Senate Majority Leader Mitch McConnell’s apparent preference is to put legislation to repeal and replace the Affordable Care Act — a bill drafted behind closed doors by McConnell and a handful of Republicans over recent weeks — to a floor vote by next week following its release Thursday morning.
That secrecy and haste betrays a lack of confidence among its supporters that the “Better Care Reconciliation Act” will find favor among Americans or even among Senate Republicans who might have to face their constituents over the week-long Fourth of July holiday recess.
With 52 Republicans in the Senate — and certainly no support from Democrats — McConnell can lose the votes of only two Republicans. As of Thursday morning, The Washington Post was reporting that four Republican senators had indicated opposition and at least eight more had concerns.
There’s overwhelming reason for concern.
The Senate Republicans’ version, in trying to find the sweet spot among conservatives and more moderate Republicans, tweaks some provisions of the American Health Care Act passed by House Republicans. But both versions still amount to tax cuts for the wealthy — repealing the tax increases passed to pay for the ACA — disguised as health care reforms; they seek to cut federal support for Medicaid and insurance subsidies for low-income people and cancel Medicare reimbursements for women who rely on Planned Parenthood for their care.
The most disturbing provisions of both bills are cuts to Medicaid, which provides medical care for nearly 70 million Americans who are poor, seniors or disabled and pays for nearly 1 of every 2 births in the nation. In Washington state, more than 600,000 depend on Medicaid coverage.
The House bill would cut more than $800 billion from federal Medicaid support over 10 years, while the Senate version could decrease funding by even more than the House version, although at a slower pace. Rather than provide direct federal funding, both bills would make block grants or per capita payments to states, but the decreased funding would force states to ration care to their most vulnerable residents, cut funding for other responsibilities or raise state taxes.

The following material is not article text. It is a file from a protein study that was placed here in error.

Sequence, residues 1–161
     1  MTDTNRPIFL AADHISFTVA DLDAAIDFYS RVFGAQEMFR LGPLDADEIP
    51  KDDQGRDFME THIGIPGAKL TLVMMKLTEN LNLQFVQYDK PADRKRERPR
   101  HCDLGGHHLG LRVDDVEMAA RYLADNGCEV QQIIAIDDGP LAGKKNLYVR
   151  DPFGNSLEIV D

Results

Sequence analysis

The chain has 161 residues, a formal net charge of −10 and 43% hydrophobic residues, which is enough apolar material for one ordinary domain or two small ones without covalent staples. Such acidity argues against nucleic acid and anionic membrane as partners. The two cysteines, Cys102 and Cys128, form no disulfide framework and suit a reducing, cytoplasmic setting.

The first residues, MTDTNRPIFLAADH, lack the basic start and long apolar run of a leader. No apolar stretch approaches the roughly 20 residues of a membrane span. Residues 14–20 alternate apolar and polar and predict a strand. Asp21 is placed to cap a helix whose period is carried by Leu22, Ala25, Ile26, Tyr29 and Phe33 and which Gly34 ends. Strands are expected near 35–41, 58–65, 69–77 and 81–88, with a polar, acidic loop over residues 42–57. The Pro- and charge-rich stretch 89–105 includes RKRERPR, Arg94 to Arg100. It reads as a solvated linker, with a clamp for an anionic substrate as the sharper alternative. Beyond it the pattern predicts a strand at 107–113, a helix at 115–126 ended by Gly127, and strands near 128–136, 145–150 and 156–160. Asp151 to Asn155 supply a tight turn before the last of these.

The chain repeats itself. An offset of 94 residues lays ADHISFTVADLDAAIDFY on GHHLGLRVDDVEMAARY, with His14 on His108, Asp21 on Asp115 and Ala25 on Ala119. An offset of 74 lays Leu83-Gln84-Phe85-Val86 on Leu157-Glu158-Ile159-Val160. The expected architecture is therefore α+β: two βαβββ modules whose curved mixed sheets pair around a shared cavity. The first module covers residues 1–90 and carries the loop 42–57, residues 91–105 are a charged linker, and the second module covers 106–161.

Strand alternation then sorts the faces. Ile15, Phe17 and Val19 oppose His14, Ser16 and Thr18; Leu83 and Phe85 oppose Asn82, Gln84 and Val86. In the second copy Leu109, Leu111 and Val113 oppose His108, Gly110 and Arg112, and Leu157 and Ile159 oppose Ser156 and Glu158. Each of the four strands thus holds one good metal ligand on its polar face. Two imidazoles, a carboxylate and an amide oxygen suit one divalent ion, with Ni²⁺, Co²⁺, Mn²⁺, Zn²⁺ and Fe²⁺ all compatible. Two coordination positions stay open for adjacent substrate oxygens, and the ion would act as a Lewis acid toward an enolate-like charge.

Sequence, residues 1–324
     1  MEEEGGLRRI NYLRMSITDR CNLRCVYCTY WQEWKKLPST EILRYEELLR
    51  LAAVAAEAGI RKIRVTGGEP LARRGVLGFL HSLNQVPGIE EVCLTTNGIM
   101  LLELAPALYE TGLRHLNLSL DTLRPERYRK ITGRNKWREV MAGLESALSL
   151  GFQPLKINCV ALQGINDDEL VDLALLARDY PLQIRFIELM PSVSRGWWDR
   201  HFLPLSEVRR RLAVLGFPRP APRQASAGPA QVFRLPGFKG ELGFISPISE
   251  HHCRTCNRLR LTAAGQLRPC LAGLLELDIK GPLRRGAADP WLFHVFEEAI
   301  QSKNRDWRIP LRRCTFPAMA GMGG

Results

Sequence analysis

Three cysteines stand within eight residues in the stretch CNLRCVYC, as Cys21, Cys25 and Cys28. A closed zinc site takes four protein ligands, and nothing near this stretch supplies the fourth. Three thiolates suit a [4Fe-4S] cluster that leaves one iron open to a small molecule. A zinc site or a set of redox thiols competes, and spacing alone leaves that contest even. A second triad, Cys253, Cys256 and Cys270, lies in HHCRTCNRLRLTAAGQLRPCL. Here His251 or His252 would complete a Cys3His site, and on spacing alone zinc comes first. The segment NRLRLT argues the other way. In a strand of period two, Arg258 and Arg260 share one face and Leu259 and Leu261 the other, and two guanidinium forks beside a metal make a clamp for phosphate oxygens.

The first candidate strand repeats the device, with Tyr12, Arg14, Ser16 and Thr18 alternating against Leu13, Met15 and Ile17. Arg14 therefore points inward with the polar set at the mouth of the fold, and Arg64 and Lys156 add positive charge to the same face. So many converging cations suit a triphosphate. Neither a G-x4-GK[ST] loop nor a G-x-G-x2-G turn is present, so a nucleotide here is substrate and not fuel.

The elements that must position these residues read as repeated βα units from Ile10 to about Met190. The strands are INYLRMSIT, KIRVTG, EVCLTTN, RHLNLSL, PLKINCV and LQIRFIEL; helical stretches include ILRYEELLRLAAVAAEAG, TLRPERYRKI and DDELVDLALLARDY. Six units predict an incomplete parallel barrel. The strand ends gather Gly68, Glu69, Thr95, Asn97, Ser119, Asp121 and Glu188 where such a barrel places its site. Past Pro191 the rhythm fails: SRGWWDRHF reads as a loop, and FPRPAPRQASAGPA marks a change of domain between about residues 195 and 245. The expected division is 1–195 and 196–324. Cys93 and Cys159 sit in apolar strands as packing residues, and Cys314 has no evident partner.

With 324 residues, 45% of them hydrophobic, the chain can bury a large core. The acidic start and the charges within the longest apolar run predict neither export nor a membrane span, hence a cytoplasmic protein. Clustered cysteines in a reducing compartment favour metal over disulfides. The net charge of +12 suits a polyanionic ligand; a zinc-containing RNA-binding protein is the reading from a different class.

More dominoes would follow, of course, as those without insurance will again wait until they are at their most ill to seek treatment in hospital emergency rooms, increasing the cost of that care and reliance on the charity offered by hospitals and other providers, which results in ever-mounting costs for all patients.
This and other potentially damaging effects on America’s health care system were clear in the first few hours after the Senate bill had been released. More scrutiny, including a review by the nonpartisan Congressional Budget Office that is expected Monday, won’t make the legislation any easier to swallow. Recall that the CBO’s report on the House version estimated that 23 million Americans would lose health insurance coverage.
But more scrutiny must now follow. The “Better Care” bill should be subjected to more than a week of review and a few Republican amendments that hope to tip it toward the conservatives or the moderates to get it to 50 votes. Hearings before committees, especially testimony from experts, are the least the Senate can do.
Republicans point out that the ACA failed to get one vote from the GOP. But what the ACA did have was more than 50 hearings, meetings and roundtable discussions before the Senate Finance Committee, 47 more before the Senate health committee, consideration of more than 300 amendments, adoption of more than 150 Republican amendments and a year of consideration before the public.
Having given the “Better Care” bill more review and discussion, Congress then should begin work on meaningful reforms to the Affordable Care Act that preserve coverage for the most vulnerable, help control the cost of insurance premiums to keep coverage affordable, encourage more participation by insurance companies and rein in the price increases of prescription medication.
The Senate GOP’s bill gets one thing right; we had all “better care.”